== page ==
Like Fountainhall Road Church, this church has its origins when members of a town congregation moved out to the suburbs in 1861 – in this case, members of the Free Church. They met first of all in a hall in Causewayside, then in Clare Hall in Minto Street, with services also in a house in Mansionhouse Road. In 1866 the new church was built, with seating for 900, to be called Chalmers Memorial Church, with Horatius Bonar, the famous hymn writer, as its minister.
|The church became Grange U.P. Church in 1900 and then in 1929, St. Catherine’s in Grange. The name of St Catherine’s was given because of the remains in the neighbourhood of a medieval nunnery of St Catherine of Sienna (transformed into the word Sciennes). This church included UP members who disagreed over the use of fermented wine at communion. A further new church was built at the corner of Sciennes Road in 1880 – Argyle Place Church – which united with St. Catherine’s in 1968. Originally the plan was that the Argyle Place building should be the place of worship and St. Catherine’s prepared to be extensive halls for the congregation. However in 1974, a disastrous fire destroyed Argyle Place Church and St. Catherine’s underwent refurbishment to become St. Catherine’s – Argyle Church in 1979. The Grange Association was very fortunate to be able to hold many of its meetings in this beautiful church, with its well appointed halls.|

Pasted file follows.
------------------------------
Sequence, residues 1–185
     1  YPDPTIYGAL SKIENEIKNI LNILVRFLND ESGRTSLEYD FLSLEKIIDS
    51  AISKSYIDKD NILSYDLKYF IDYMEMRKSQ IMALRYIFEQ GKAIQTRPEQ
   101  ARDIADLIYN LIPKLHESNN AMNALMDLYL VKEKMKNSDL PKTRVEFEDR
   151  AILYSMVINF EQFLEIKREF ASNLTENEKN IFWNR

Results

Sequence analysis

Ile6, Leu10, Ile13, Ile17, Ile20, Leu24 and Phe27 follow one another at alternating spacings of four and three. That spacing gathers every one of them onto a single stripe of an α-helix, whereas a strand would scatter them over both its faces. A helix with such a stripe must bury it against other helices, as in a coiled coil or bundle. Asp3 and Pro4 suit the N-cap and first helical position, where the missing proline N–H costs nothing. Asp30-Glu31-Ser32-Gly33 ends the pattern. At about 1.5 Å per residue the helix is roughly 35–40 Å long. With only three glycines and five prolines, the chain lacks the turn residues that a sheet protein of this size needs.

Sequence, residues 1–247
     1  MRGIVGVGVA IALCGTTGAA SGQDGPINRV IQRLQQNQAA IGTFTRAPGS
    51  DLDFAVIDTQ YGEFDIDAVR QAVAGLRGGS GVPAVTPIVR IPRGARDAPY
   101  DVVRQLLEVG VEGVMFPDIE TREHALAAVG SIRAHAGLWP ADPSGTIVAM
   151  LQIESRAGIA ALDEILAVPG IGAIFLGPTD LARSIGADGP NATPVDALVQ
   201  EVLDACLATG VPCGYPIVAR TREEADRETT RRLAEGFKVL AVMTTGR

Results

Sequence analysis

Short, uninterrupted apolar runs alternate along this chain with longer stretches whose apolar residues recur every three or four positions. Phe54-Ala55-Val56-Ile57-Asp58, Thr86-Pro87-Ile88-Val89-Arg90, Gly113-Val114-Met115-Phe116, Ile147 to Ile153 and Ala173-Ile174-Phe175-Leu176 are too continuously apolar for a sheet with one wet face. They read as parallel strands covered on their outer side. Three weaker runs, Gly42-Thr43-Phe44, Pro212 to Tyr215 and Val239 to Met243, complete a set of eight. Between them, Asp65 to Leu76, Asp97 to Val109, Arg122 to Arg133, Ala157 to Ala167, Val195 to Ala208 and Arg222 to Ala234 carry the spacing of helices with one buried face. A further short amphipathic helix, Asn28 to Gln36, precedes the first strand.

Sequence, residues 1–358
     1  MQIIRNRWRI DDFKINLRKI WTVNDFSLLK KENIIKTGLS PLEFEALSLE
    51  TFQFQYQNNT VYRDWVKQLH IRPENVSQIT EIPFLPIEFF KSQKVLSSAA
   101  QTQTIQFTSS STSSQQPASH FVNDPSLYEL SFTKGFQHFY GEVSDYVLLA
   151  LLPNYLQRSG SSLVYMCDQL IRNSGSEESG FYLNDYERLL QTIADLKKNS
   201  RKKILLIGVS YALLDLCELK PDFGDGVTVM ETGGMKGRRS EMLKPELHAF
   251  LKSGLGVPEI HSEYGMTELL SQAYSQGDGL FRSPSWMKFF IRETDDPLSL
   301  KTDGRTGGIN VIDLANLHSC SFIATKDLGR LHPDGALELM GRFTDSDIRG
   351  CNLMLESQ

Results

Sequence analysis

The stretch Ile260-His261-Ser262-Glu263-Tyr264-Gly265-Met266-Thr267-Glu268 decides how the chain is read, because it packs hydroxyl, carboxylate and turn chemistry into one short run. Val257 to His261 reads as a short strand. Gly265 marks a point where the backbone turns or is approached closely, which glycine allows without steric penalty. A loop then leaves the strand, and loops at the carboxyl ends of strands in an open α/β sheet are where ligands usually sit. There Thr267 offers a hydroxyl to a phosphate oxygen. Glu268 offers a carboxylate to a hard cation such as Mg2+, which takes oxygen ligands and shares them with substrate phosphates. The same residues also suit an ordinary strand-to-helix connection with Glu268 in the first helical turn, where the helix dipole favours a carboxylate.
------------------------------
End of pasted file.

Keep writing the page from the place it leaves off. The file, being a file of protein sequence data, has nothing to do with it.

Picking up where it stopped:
Rev Victor Laidlaw
Having lived in the Grange for the last 28 years and with approximately half the parish situated in it, I have been privileged to serve in this leafy part of Edinburgh. One has seen many changes over these years, some for the better, others not. Sadly the quietness of the area has been eroded over time. When we first came to stay in Palmerston Road, there was hardly a car in sight. Now even driving in and out of the garage can be a nightmare with so many cars parked in the street. What has been good to see is the basic ethos of the area remaining the same and the community spirit growing as people have continued to take an interest in their part of Edinburgh. We may live in a city, but walking in the Grange is more like being in the country with views of the hills and leafy gardens. And there are still places of comparative tranquility like Blackford Hill and even, for those like myself, who enjoy history, the wonderful Grange Cemetery with its amazing story of the past. It is a joy to stay in this part of Edinburgh and one trusts that its essential character will not be lost in the inevitable march of progress.
Rev Victor Laidlaw